Under the existing arrangements, Central Moonsighting Committee has four zonal committees in each of the four provinces to sight the moon from all over Pakistan with the help of district administrations. The federal committee is backed by 150 observatories of the Pakistan Meteorological (MET) Department. The role of Pakistan Space and Upper Atmosphere Research Commission (SUPARCO) is equally important in terms of providing an astronomic assessment about the birth of moon which usually disappears within minutes after it surfaces on skies while entering into next month of Islamic calendar.

An official in Ministry of religious affairs confided to this writer that the Central Committee has been relying more on MET office and SUPARCO and less on eye-witness accounts, in a deviation from Sharia law, a key reason behind the controversy.

On the other hand, Islamic scholars, better known as Ulemas, at Qasim Masjid collect eye-witness accounts from all over the province to make their announcement on whether or not the moon was sighted in the province.

The moonsighting is fundamentally a religious issue and it has to be handled religiously in a manner that its results are accepted by all and sundry in Pakistan. Technical reliance on moonsighting has to be a contributing factor and assessments of MET office and SUPARCO should not overshadow human eye-witness accounts, which is a fundamental requirement in Islam. And that is why the heavy reliance on SUPARCO and MET office has led to polarization and sectarian sentiments among people.

Feasible  solutions to end the controversy on moonsighting

The federal government should preferably abolish the Central Moonsighting Committee and link the sighting of the moon with the Kingdom of Saudi Arabia where, like KPK Eid, is celebrated a day before the other three provinces of Pakistan. Muslims everywhere in the world have a deepest emotional attachment with Makkah and Madina e Munwara, the two holiest places of Islam. Therefore, there is every likelihood for people in Pakistan to wholeheartedly accept the government’s decision to follow the announcement of Saudi Arabia to start and end their fasting and celebrate Eid on same days which will forge a greater unity in the Muslim world as well. There may be opposition from some religious leaders which would be more on the basis of their sectarian outlook and vested interests than that of being genuinely ideological factors.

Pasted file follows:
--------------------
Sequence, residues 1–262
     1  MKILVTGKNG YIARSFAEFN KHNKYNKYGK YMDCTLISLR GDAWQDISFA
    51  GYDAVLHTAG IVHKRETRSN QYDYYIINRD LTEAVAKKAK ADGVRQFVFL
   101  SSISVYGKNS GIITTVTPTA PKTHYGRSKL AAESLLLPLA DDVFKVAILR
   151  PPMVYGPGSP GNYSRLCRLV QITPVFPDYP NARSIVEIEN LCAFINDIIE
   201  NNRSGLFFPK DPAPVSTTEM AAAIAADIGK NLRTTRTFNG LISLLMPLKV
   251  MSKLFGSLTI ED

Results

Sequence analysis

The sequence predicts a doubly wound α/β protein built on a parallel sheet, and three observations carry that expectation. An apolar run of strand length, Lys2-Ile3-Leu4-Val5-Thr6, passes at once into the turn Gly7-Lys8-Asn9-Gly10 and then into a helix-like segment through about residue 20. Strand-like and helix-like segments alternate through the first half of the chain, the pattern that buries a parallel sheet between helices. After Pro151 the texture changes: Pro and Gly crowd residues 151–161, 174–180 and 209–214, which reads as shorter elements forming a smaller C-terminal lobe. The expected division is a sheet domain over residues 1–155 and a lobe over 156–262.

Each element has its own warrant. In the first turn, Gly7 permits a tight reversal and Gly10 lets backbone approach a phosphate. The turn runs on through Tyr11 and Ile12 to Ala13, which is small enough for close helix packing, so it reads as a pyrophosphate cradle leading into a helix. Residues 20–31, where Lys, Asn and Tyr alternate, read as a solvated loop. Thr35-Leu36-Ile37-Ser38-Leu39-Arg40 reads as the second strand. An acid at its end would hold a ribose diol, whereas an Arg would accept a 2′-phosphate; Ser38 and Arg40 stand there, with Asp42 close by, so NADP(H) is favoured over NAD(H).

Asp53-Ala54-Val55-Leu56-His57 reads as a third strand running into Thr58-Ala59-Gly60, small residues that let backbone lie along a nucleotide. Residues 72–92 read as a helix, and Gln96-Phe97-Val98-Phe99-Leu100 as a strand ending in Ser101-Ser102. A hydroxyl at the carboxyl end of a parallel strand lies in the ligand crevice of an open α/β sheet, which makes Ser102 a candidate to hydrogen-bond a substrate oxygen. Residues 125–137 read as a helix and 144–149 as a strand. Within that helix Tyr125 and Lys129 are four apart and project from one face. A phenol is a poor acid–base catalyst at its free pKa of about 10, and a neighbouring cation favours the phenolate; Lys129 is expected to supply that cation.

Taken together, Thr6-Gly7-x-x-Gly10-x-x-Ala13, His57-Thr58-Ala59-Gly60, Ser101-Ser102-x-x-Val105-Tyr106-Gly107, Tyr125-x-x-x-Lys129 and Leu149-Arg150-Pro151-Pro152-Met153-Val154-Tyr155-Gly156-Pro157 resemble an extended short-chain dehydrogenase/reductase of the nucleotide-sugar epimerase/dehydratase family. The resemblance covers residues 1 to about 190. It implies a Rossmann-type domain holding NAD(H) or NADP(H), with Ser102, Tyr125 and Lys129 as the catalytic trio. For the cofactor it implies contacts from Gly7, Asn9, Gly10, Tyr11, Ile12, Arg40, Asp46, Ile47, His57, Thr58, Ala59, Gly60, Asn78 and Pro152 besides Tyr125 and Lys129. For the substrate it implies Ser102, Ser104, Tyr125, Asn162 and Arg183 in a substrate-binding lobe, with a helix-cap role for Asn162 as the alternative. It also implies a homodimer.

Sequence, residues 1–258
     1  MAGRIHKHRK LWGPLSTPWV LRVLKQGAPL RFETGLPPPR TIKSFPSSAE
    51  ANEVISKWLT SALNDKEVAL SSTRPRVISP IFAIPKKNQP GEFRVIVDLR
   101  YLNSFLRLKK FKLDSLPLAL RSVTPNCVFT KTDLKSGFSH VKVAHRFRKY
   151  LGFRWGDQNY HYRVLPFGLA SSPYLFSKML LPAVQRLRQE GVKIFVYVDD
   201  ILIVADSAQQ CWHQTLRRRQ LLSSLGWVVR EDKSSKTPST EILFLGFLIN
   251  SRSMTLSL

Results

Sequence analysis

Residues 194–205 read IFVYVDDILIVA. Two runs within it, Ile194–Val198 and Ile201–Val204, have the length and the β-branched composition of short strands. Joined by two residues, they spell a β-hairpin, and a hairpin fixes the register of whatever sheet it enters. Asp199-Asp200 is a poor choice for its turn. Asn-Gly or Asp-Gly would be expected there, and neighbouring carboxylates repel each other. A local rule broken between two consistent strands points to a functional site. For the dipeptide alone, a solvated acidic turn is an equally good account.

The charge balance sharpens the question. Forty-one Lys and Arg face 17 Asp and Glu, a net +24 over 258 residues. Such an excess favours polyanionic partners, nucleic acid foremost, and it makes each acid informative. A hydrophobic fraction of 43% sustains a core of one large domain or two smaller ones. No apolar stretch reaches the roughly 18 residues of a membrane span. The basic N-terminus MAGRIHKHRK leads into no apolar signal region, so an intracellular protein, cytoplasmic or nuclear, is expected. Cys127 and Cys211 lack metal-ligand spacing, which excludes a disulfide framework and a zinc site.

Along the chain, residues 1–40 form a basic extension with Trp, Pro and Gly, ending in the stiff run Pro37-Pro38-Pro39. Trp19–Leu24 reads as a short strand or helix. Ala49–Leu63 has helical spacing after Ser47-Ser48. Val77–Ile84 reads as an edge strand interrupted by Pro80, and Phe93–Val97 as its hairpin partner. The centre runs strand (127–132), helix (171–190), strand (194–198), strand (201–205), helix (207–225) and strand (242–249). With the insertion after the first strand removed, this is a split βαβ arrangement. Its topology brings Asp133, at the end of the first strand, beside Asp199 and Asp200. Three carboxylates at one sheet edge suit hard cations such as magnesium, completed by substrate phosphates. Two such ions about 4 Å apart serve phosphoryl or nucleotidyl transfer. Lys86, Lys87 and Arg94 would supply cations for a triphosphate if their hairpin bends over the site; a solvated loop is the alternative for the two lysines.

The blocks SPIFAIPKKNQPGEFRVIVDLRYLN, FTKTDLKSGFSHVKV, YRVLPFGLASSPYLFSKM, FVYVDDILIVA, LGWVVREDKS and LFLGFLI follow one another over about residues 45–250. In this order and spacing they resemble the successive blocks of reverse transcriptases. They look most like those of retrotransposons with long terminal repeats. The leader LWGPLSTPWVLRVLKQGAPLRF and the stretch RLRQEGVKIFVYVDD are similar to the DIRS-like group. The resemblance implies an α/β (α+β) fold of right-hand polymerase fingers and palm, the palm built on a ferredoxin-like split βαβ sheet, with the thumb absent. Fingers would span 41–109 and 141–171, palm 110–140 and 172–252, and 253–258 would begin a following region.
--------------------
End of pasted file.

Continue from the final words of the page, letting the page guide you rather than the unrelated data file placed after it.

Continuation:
Such decision would deprive a fleet of religious scholars from a lot of benefits like projecting themselves through media to make a formal official announcement on moonsighting. Hence there may a mild reaction from them which the government should ignore, given the fact that every year they cause harm to Islam and Pakistan by dividing people on sectarian and ethnic grounds.

If for whatever reasons, this decision is not workable, the central government needs to move fast to legislate the governing and functioning of the moonsighting committee. To begin with, the federal government must mainstream Islamic scholars from Qasim Masjid or seek their nominations to be included in the Central Moonsighting Committee. The federal government in collaboration with provincial government should declare Qasim Masjid as an official Zonal Committee of the province to make it sure that all the eye-witness accounts it receives from KPK land at Central Committee. However, this is unlikely to happen until Mufti Muneeb continues to head the central Committee, therefore, it is high time to replace him with someone with ability to unify the nation on celebrating Eid on same day.

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Javed Rana

Javed Rana

With over two decades of journalistic experience including a long stint with Al-Jazeera, Javed Rana is witness to countless monumental developments taking place in Pakistan and Afghanistan. Javed focuses on non-state armed actors, legal, political & geostrategic issues.